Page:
What I'm Seeing Now

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It Might Have Been Easier To Simply Replace The Truss!

When I saw so many repairs on this roof truss, immediately I thought it might have been easier to simply replace the truss! 

It's location is second from the edge, in a townhouse.  This is a pre-drywall inspection.

All three corners had been surrounded with large wood gussets on both sides.  And they had been nailed furiously!  They were hard to miss!

When I pointed them out to my client he said that they had been in the house many times and had never noticed them.

Nearly every inch of the rest of the truss was sistered with 2x4s sandwiching both sides.  It's almost a triple truss all over!

These were nailed furiously also!  And these nails weren't shot with a gun.  I could see hammer dents all over the place.  And glue is gooping out here and there.

I don't know what had happened to this truss to demand such a repair.

It may have been dropped by the crane and smashed in many spots.

But the wood gussets have been nailed into place AFTER the truss was installed in the roof as they have been cut to fit around plumbing which runs through the openings.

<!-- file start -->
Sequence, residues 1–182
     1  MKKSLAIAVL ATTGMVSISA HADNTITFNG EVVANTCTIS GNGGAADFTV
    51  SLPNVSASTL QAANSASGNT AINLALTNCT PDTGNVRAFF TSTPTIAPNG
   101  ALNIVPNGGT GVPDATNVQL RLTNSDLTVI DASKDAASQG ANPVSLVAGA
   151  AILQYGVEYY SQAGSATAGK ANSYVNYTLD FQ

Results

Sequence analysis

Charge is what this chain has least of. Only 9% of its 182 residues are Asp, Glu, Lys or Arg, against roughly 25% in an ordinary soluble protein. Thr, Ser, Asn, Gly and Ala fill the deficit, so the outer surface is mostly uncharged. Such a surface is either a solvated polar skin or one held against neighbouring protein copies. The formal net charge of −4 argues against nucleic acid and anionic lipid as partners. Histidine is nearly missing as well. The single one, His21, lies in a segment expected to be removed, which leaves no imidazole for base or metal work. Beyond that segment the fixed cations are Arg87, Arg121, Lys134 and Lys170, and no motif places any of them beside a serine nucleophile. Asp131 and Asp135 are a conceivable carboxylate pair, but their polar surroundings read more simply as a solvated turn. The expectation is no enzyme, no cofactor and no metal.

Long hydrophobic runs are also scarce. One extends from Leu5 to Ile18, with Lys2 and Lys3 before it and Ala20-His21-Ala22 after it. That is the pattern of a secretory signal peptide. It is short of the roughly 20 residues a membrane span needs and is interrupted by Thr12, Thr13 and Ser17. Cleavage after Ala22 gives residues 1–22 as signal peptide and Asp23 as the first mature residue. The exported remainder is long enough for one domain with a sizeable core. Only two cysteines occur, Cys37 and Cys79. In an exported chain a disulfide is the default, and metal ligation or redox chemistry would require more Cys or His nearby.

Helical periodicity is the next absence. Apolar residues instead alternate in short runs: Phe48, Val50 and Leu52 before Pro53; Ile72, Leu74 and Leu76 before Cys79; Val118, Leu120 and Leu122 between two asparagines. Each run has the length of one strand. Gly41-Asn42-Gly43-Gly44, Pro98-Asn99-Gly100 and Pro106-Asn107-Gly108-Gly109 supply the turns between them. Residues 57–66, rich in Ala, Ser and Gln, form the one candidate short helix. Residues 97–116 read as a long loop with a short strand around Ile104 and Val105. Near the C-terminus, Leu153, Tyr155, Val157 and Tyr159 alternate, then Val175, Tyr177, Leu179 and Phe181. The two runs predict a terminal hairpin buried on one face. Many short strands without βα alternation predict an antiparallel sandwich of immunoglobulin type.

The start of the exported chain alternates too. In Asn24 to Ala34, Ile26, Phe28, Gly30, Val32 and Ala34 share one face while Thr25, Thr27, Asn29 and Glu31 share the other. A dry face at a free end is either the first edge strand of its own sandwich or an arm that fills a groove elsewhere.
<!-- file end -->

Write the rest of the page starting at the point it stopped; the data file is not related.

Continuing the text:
So, if you are the home inspector, what do you say to your client?

A few of your options are: 

1.  You realize they haven't noticed it before so you don't bring it up.
2.  You discuss what you see, and point out how extensive the repairs are.  You suggest that they get an engineer's report from the builder stating what happened and that this repair is substantial and correct, and that the truss is sound.
3.  You show them the repairs with your great flashlight and say that in your opinion the repairs look really well done.
4.  You explain how sistering wood around a cracked or broken piece of wood is the best way to repair it, and it makes it really strong.  No worries here!
5.  You laugh and say, "That's the craziest thing I have ever seen!  Holy Cow!  Look at all those nails!"  And let it go with that.
6.  You verbally describe how they dropped the truss in the parking lot, accidentally ran over it with a truck, how it took 20 people to pound it back into shape, and then decided to use it anyway.  Then someone got the idea to hide all the problems with other wood surrounding the original truss because it looked so bad.
7.  Get visibly upset and say that this truss has to go.  It must be replaced.

I assure you, multiple scenarios go through a home inspector's mind.  There are inspectors out there who might do any of the above!

Pick your poison - what would you say?  And really, the buyers had NOT noticed this truss before.